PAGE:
Japan sets its sights on a software revolution
World in Motion – Global equities blog

Japan sets its sights on a software revolution

Japan has a reputation for being a technological powerhouse. Whether in consumer electronics, robotics or infrastructure, it has developed world-leading hardware products. However, when it comes to software the country has fallen well behind the rest of the world. According to Gartner1 , Japan is seven years behind the US in the adoption of cloud computing technology. It predicts that by 2022 14% of US IT spending will be on cloud services. In comparison, the level for Japan will rise to just 4.4%, up from 3% in 2019. In addition, the IMD World Competitiveness Ranking (2020) put Japan 27 in digital competitiveness2 ; in 2018, penetration of software-as-a-service (SaaS) products against the overall accounting and HR software market was just 14% in Japan versus more than 50% in the US3 ; and in 2019 spending on customer experience and relationship management (CRM) software was three times higher in the UK and five times higher in the US than in Japan as a percentage of overall sales and marketing expenses.4
Why is a country that is so technologically advanced in one area, so behind in another? Regulatory red tape hasn’t helped the adoption of software. But there are also cultural barriers: shūshin koyō, or lifetime employment, has historically been a central feature of Japan’s labour market. With many large companies traditionally employing engineers responsible for developing and maintaining customised IT systems, they were reluctant to replace these systems with newer technologies, such as cloud computing, especially if that meant existing workers would be left redundant.

Times are changing

However, it has become increasingly clear that Japan needs to embrace the use of innovative software solutions. Companies can get better results by using fewer resources and spending less time and money developing software internally. Effective use of software can give a company an advantage over its competitors, and those that fall behind may find it difficult to catch up. Cosmetics company Shiseido5 , for example, uses software to collect, monitor and review sales data on a daily basis, which in turn enables it to better allocate sales and marketing expenses, manage its supply chain more efficiently and develop new products that meet customer needs.
Meanwhile, at a macroeconomic level Japan suffers from severe labour shortages. Many companies are struggling to find the talent needed to grow or even run their businesses. Companies need to change how they operate and are turning to software for solutions.
Improved corporate governance has helped Japanese companies understand the benefits of changing their business practices, including adopting new technologies, to enhance their value. The government now also recognises the need for Japan to change. In his inaugural speech as prime minister, Yoshihide Suga spoke of “the necessity of digital transformation”6 and announced the establishment of a digital agency to drive change.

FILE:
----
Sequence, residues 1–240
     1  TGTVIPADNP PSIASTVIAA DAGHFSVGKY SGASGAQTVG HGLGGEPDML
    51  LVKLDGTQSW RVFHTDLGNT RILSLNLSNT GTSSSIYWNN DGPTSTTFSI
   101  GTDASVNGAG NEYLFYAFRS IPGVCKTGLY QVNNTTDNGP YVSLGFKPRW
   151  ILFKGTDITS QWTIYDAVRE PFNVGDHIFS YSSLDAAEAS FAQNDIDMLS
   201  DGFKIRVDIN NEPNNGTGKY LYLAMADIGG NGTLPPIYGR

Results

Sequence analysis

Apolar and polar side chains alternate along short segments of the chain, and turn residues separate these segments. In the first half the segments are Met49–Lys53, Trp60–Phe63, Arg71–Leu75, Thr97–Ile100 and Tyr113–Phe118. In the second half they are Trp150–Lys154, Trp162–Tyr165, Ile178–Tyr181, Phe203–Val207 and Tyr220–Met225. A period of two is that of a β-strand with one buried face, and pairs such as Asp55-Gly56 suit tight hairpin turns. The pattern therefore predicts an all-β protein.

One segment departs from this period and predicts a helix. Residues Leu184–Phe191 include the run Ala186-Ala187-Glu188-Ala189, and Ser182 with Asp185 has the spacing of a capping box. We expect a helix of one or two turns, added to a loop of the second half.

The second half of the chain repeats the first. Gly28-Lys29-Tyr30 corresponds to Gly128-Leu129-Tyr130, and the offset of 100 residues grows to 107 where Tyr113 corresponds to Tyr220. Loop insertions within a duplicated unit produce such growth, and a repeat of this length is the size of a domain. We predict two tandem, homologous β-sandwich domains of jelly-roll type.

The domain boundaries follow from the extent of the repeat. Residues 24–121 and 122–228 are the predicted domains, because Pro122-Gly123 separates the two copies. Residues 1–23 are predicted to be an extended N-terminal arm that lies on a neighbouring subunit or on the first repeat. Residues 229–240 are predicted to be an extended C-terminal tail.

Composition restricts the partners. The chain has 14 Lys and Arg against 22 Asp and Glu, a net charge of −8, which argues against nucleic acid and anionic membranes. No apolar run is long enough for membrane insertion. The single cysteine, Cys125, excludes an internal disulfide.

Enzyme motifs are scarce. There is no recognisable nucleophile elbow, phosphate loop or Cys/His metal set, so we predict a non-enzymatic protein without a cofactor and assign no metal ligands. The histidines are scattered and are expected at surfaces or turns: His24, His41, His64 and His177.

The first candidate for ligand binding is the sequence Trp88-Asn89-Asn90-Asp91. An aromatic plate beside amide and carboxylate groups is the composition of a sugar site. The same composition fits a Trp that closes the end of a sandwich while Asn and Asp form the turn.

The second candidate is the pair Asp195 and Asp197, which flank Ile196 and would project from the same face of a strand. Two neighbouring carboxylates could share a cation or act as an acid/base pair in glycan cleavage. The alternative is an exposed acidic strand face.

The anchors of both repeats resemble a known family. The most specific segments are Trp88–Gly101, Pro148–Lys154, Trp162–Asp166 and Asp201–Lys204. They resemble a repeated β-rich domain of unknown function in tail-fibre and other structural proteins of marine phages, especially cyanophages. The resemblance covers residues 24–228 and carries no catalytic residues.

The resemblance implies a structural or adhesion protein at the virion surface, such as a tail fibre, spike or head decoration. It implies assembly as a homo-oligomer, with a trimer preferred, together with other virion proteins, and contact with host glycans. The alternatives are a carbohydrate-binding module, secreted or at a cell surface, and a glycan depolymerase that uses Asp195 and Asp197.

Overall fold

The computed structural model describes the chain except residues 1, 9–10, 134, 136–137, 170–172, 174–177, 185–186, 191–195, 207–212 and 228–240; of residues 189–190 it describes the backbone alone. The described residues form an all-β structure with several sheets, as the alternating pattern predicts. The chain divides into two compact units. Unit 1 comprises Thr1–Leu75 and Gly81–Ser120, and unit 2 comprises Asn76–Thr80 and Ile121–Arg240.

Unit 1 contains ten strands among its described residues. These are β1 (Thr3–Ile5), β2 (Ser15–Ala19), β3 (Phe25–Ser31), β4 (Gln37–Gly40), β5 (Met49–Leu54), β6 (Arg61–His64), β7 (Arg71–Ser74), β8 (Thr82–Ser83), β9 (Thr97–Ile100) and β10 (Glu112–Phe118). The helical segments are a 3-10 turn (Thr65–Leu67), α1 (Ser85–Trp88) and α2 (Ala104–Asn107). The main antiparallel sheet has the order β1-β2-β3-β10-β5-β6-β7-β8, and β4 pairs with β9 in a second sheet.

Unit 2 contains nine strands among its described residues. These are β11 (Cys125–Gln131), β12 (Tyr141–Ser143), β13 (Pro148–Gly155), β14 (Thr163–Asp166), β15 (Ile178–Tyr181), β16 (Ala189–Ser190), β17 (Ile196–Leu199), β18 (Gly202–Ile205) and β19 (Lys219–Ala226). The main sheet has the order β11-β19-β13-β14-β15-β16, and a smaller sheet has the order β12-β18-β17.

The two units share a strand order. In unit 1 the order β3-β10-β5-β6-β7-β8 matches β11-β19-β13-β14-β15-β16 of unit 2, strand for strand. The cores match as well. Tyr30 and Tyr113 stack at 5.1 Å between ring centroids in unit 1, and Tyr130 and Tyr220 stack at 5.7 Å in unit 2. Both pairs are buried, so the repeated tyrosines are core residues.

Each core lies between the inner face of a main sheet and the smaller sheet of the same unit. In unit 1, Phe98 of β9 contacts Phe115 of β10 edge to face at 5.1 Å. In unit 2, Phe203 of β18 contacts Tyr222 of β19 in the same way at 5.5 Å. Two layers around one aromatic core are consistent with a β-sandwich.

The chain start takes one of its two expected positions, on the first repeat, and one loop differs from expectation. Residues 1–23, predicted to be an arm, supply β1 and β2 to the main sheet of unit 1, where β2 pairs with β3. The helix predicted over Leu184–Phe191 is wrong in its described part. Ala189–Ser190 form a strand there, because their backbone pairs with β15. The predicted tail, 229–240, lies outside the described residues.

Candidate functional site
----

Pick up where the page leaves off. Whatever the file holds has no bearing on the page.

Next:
Change brings opportunity

Corporate Japan is now leading this charge. For example, HR technology and marketing media company Recruit is developing a set of software tools to help small and medium businesses digitise their operations. Its Air BusinessTools, a suite of SaaS-based solutions for business and management support, range from cashless payment support to online reception and waiting list management. The idea is to allow companies to devote fewer resources to back-office related work and more to their core operations, enhancing productivity and profitability.
But it’s not just large companies that are looking to profit from Japan’s need to embrace digital transformation. The convergence of technological enablement and social need catalysed the establishment of a host of young, dynamic SaaS companies led by visionary founders that want to use software to solve the problems facing Japan today. To name a few, cloud native ERP provider Freee formed in 2012 and listed in 2019, no-code mobile app development company Yappli was founded in 2013 and listed in 2020, and real estate AI tech company SRE was established in 2014 and also listed in 2020.

A new sun rises

Japan was slow to embrace digitalisation, but now wants to catch up. It has the tools to do so, as well as the political and social determination. Digitalisation can help transform Japan’s economic and corporate landscape, helping to alleviate labour shortages, boost productivity and economic growth, and improve corporate competitiveness and profitability.
But this digitalisation is still at a very early stage. This will inevitably give rise to many long-term investment opportunities. As always, we will be looking to invest in great, innovative companies that will be the long-term winners as the country continues to evolve. We believe it is an exciting time to invest in Japan.

Like this blogpost? For an extended viewpoint version with additional data and more detailed discussion click here: Japan’s software revolution is making up for lost time.

1 July 2021
Alex Lee
Portfolio Manager
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July 2021
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1 https://www.gartner.com/smarterwithgartner/cloud-adoption-where-does-your-country-rank/
2 https://www.mckinsey.com/business-functions/mckinsey-digital/our-insights/how-japan-can-make-digital-big-moves-to-drive-growth-and-productivity#
3 https://contents.xj-storage.jp/xcontents/AS08692/18254c56/ab7b/4311/820c/f70b08bcd8e1/20200214211939176s.pdf
4 https://ssl4.eir-parts.net/doc/4165/tdnet/1934539/00.pdf
5 Mention of specific companies should not be taken as recommendation
6 https://japan.kantei.go.jp/99_suga/statement/202009/_00001.html

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